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PET bottle reverse logistics—environmental performance of California’s CRV program

  • PACKAGING SYSTEMS INCLUDING RECYCLING
  • Published:
The International Journal of Life Cycle Assessment Aims and scope Submit manuscript

Abstract

Purpose

Disposable beverage bottles made of polyethylene terephthalate (PET) stand in sharp contrast to many other disposable plastic packaging systems in the US for their high level of post-consumer recovery for recycling. This is due in part to container deposit programs in several US states, such as the California Redemption Value (CRV) program. We investigate the impacts of PET bottle recycling in the CRV program to evaluate its effectiveness at reducing environmental burdens.

Methods

We develop a life cycle model using standard process LCA techniques. We use the US LCI database to describe the energy production infrastructure and the production of primary materials. We describe the inventory and logistical requirements for materials recovery on the basis of state-maintained statistics and interviews with operators and industry representatives. We report inventory indicators describing energy, freight, and waste disposal requirements. We report several impact indicators based on CML and TRACI-2.0 techniques. We apply system expansion to compare post-consumer activities to produce secondary polymer against equivalent primary production.

Results and discussion

While bottle collection is distributed across the state, processing is more centralized and occurs primarily near urban centers. The average distance traveled by a bottle from discard to recovery is 145–175 km. Recycling requires 0.45–0.66 MJ of primary energy/L of beverage, versus 3.96 MJ during the pre-consumer phase. Post-consumer environmental impacts are significantly lower than pre-consumer impacts, with the exception of eutrophication. The results are robust to model sensitivity, with allocation of fuel for bottle collection being the most significant parameter. Curbside collection is slightly more energy efficient than consumer drop-off, and is subject to smaller parametric uncertainty. Recycling has the potential for net environmental benefits in five of seven impact categories, the exceptions being smog (marginal benefits) and eutrophication (increased impacts).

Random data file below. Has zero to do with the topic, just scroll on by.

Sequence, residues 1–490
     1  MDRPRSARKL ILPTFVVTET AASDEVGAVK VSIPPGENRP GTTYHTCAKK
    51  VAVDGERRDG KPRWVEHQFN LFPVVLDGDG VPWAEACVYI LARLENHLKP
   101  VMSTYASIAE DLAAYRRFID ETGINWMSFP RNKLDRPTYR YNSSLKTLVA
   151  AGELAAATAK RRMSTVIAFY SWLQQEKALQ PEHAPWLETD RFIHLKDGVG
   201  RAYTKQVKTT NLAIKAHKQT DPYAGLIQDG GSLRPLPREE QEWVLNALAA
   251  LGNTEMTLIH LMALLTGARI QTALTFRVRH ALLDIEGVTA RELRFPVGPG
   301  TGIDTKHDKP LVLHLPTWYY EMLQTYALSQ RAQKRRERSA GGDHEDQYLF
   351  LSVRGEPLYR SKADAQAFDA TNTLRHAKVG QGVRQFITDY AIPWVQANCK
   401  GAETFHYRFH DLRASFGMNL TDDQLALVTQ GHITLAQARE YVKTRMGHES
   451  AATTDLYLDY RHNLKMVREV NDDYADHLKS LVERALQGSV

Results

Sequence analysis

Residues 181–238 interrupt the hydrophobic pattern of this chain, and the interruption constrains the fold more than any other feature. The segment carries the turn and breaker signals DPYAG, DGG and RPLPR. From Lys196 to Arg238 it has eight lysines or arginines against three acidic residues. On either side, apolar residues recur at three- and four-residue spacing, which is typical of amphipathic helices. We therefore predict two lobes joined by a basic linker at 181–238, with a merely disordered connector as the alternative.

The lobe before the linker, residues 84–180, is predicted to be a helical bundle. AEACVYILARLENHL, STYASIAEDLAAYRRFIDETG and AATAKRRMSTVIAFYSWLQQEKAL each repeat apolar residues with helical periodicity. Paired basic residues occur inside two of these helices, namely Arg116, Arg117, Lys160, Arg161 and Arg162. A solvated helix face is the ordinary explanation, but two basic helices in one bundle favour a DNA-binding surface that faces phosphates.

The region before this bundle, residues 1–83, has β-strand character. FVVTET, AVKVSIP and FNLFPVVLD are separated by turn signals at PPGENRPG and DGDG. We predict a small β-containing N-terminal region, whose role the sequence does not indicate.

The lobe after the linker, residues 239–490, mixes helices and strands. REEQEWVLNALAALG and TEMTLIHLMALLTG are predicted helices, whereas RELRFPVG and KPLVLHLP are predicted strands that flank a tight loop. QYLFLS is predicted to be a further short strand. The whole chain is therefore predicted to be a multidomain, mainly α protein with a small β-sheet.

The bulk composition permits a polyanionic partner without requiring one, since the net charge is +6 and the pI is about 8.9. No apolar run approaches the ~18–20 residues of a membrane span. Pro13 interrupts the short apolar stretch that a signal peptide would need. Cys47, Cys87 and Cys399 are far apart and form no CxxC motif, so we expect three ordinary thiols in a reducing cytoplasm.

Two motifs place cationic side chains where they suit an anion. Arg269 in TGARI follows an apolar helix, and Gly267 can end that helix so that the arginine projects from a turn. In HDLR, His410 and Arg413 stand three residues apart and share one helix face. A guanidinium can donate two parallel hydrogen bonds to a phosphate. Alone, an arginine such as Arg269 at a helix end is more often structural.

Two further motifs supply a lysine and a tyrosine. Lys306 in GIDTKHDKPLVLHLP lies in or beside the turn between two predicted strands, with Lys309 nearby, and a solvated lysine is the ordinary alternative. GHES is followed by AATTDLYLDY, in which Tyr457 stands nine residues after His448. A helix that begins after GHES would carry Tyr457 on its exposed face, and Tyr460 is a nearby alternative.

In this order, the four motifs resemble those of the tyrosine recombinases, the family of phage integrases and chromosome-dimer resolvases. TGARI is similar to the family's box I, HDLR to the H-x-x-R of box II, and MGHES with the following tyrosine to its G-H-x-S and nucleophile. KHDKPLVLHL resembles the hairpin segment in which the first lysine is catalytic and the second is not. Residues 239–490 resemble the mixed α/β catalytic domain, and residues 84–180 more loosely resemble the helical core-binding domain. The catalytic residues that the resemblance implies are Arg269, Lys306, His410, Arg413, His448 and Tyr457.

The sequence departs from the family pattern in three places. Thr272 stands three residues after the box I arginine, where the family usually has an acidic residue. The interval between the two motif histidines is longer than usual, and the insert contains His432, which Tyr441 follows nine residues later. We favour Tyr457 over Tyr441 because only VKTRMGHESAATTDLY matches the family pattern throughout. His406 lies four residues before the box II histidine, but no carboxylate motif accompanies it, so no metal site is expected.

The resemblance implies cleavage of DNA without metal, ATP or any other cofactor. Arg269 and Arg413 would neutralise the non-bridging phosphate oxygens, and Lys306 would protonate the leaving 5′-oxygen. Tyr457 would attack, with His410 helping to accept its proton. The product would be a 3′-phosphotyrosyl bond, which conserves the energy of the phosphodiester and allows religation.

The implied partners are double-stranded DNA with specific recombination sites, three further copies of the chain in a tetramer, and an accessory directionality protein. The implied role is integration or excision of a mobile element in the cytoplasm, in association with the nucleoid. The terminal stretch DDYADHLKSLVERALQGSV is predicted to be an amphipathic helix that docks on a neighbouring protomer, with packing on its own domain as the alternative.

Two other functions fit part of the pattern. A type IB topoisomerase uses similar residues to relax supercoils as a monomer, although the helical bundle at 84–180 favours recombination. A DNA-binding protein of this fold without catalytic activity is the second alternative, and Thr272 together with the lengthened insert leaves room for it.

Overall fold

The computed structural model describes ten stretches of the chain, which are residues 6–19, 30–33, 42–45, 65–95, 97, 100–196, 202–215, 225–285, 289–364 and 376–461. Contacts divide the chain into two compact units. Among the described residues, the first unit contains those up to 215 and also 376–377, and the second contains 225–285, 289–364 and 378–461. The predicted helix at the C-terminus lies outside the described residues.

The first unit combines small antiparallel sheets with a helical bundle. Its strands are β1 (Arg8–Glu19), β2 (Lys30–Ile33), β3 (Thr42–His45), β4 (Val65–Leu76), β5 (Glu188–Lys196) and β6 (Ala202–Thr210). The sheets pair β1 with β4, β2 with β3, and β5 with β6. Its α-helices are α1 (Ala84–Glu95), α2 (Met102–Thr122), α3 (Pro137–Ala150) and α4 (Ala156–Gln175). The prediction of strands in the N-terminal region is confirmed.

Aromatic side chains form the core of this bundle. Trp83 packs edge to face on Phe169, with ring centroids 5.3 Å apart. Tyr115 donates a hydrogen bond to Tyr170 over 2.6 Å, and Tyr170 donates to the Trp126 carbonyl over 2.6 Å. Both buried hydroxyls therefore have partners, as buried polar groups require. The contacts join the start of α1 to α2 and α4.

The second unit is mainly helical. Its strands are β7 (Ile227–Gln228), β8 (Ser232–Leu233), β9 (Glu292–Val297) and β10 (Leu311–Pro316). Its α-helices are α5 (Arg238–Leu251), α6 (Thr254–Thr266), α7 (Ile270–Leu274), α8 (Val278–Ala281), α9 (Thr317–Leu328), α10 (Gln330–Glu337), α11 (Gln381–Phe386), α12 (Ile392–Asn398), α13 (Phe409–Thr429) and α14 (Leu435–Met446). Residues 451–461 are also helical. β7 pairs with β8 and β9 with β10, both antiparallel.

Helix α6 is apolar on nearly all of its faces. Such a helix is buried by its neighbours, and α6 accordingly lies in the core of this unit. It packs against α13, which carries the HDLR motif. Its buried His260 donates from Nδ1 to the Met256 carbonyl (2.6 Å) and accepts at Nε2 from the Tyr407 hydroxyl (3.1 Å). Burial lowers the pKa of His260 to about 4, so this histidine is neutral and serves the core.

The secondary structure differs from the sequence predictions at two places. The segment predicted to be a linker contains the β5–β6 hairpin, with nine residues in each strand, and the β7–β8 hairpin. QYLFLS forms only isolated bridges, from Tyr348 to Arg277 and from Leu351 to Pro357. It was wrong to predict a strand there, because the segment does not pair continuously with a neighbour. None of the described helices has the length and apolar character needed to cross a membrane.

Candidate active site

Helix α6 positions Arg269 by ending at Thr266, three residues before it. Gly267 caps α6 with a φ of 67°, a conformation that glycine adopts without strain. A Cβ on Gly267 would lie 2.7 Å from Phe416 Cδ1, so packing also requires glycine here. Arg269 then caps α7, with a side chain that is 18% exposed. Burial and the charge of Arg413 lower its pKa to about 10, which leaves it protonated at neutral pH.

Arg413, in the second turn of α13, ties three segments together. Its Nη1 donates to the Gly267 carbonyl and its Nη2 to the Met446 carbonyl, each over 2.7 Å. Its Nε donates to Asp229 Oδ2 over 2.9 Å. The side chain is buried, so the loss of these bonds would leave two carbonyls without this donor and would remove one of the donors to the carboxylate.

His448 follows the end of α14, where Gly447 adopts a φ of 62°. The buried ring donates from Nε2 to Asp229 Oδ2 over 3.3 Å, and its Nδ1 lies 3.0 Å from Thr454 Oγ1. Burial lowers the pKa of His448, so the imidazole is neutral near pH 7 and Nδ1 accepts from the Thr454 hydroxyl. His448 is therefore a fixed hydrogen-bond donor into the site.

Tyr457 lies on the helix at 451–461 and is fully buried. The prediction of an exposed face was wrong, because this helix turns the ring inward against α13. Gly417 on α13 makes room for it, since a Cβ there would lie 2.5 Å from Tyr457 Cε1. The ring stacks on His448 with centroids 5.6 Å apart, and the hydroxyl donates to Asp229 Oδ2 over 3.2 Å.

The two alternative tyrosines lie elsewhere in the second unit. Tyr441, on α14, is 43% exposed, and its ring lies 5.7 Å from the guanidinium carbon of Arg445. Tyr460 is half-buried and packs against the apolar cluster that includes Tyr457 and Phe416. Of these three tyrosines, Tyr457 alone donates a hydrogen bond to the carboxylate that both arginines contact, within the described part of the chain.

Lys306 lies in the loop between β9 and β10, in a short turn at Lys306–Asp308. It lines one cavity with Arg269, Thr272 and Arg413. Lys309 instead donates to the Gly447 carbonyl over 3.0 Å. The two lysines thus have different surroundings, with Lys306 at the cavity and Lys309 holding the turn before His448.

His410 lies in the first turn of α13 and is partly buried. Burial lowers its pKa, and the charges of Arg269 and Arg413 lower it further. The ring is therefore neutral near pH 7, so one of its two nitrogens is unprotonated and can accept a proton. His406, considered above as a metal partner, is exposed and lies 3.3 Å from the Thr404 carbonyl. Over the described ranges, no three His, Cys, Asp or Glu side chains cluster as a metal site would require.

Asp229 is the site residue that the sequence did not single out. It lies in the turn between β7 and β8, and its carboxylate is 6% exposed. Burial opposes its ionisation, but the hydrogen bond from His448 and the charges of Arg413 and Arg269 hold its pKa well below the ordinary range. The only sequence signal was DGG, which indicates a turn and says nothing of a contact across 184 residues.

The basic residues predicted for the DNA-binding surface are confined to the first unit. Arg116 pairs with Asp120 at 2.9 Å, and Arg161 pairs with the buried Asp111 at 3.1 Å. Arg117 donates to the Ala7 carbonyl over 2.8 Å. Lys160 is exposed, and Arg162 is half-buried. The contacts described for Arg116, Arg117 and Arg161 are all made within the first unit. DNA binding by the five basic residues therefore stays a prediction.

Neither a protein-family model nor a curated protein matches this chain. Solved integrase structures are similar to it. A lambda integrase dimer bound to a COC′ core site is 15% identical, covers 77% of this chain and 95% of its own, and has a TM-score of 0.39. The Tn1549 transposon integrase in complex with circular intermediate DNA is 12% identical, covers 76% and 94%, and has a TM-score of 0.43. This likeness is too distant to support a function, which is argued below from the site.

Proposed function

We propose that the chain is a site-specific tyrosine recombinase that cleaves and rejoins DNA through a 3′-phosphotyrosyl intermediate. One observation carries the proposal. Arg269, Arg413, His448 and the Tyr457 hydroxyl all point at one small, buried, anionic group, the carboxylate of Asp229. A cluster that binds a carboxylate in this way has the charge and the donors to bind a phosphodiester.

Conclusions

California’s decentralized program for collecting and processing PET bottles has produced a system which generates a large stream of post-consumer material with minimal environmental impact. The selection of a reclamation locale is the most significant factor influencing post-consumer impacts. If secondary PET displaces primary material, several environmental burdens can be reduced.

Recommendations and perspectives

Our results suggest that deposit programs on disposable packaging are an effective policy mechanism to increase material recovery and reduce environmental burdens. Deposit programs for other packaging systems should be considered.

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Notes

  1. Hawaii’s program is modeled after California’s and has similar characteristics.

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Correspondence to Brandon Kuczenski.

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Responsible editor: Hans-Jürgen Garvens

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Kuczenski, B., Geyer, R. PET bottle reverse logistics—environmental performance of California’s CRV program. Int J Life Cycle Assess 18, 456–471 (2013). https://doi.org/10.1007/s11367-012-0495-7

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  • DOI: https://doi.org/10.1007/s11367-012-0495-7

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